Category: Famous Figures

Happy Birthday Sir David Attenborough

Happy Birthday Sir David!

Today, May 8th is the birthday of the naturalist and broadcaster Sir David Attenborough.  His contribution to natural history programme making has been immense and he remains an inspiration to us all.  We at Everything Dinosaur have put together a commemorative banner to celebrate the birthday of one of Britain’s greatest broadcasters.

Happy Birthday Sir David Attenborough

Many Happy Returns!

Many Happy Returns!

Picture Credit: Everything Dinosaur

On behalf of everyone at Everything Dinosaur, we wish Sir David, a very happy birthday.

 

Dr. Phil Manning to Present at the Bollington Science Festival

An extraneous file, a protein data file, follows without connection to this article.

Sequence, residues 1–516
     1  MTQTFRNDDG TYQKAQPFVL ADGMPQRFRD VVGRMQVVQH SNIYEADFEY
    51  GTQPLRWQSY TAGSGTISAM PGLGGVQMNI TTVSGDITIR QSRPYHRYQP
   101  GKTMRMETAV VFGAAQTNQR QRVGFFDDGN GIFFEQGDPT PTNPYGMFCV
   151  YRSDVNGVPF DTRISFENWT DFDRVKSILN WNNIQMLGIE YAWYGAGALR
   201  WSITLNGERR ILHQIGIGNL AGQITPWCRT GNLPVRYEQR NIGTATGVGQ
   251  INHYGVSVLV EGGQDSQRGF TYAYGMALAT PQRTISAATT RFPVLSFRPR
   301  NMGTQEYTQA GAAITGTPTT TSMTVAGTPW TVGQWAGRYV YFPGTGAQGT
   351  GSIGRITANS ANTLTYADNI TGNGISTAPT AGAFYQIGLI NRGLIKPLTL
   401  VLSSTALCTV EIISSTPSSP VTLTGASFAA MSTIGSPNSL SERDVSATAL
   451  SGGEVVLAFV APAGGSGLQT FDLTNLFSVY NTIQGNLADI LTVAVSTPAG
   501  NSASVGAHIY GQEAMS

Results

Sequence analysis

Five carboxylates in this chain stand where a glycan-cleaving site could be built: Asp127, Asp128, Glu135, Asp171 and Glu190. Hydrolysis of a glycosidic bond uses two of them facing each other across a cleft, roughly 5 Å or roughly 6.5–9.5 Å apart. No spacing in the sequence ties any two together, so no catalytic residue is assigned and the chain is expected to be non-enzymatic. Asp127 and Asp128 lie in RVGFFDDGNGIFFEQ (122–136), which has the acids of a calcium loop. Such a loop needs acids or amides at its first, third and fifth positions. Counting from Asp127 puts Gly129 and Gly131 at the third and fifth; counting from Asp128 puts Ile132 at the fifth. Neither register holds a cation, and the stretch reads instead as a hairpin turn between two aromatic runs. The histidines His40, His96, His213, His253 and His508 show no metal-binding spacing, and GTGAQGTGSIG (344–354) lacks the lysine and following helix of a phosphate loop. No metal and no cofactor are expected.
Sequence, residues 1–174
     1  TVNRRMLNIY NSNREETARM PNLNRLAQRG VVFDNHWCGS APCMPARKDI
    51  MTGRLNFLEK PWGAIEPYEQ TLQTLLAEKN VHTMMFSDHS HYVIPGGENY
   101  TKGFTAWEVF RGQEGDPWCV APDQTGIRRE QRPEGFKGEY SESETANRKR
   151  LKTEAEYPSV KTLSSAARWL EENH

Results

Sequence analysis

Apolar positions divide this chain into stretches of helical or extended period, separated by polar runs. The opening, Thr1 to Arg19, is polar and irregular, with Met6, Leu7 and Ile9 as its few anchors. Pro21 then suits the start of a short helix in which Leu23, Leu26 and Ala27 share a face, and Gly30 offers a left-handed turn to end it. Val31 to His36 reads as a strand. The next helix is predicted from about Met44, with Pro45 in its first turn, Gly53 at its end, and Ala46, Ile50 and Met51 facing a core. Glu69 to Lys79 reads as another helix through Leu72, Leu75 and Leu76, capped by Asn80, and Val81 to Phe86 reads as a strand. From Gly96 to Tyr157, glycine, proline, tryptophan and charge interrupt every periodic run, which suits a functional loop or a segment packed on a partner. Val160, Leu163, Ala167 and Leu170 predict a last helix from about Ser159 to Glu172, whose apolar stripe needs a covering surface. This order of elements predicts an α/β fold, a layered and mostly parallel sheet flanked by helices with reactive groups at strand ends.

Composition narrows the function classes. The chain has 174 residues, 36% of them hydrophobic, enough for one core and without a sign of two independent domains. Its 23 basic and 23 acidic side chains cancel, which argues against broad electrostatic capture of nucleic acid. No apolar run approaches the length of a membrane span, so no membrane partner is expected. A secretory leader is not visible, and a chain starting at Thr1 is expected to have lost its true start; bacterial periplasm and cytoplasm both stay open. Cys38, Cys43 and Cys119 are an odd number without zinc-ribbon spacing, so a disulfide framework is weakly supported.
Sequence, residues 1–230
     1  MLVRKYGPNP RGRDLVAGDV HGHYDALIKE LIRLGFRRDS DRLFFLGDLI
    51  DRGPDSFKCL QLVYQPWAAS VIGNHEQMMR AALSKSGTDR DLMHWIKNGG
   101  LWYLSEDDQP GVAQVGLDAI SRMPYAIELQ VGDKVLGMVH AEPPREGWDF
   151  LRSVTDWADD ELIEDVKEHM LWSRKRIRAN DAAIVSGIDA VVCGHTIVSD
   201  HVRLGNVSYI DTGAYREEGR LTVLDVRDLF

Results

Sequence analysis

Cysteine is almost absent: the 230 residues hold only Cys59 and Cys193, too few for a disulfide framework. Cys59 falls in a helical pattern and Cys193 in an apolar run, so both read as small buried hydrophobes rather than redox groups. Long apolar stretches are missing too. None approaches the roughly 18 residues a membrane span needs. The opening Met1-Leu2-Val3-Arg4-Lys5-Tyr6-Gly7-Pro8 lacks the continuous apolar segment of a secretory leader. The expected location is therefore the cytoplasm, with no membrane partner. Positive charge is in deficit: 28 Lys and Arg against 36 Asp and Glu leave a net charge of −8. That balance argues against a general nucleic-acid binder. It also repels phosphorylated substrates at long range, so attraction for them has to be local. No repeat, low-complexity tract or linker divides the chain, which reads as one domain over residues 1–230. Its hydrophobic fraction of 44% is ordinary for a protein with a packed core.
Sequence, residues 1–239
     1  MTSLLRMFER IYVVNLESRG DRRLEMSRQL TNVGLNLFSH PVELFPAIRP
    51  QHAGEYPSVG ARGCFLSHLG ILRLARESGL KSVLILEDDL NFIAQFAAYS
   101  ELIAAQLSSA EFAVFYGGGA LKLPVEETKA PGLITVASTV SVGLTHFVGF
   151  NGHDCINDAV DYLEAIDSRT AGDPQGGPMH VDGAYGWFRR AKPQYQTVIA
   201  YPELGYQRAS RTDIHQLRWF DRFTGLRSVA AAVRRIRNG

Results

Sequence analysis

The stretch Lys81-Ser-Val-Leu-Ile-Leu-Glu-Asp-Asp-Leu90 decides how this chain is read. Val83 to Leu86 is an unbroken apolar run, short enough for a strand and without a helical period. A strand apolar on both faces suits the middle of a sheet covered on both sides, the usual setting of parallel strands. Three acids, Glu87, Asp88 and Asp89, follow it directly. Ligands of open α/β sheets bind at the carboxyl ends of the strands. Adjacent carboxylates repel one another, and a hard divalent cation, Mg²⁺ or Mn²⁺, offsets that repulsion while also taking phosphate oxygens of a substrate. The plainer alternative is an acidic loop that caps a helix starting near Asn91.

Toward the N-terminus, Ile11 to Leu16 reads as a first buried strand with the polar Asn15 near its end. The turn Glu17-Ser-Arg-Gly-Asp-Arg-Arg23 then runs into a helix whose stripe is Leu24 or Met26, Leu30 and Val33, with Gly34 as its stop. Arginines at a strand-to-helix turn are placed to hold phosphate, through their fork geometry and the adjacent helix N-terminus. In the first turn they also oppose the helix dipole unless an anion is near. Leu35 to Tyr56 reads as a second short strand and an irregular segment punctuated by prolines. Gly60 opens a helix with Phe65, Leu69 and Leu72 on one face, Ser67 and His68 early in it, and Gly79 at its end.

Cayman Caves to Badland Dinosaurs: Dr. Phil Manning

Dr. Phil Manning from Manchester University’s School of Earth, Atmospheric and Environmental Sciences, will once again be presenting at the forthcoming Bollington Festival which takes place in May.  Dr. Manning who heads up the palaeontology research group at the School of Earth, Atmospheric and Environmental Sciences has had a very busy year and his talk will focus on his travels over the last twelve months or so.  Entitled “Cayman Caves to Badland Dinosaurs”, Dr. Manning will discuss giant rats from the Cayman Islands as well as the continuing work on a number of Late Cretaceous dinosaur fossils from the rugged, exposed outcrops of South Dakota.

The last time we caught up with Phil was when he was in America, at the “Duelling Dinosaurs of Montana” auction.  He was lobbying to try to ensure whoever purchased this remarkable pair of dinosaur fossils, that the specimens would be made available for further study.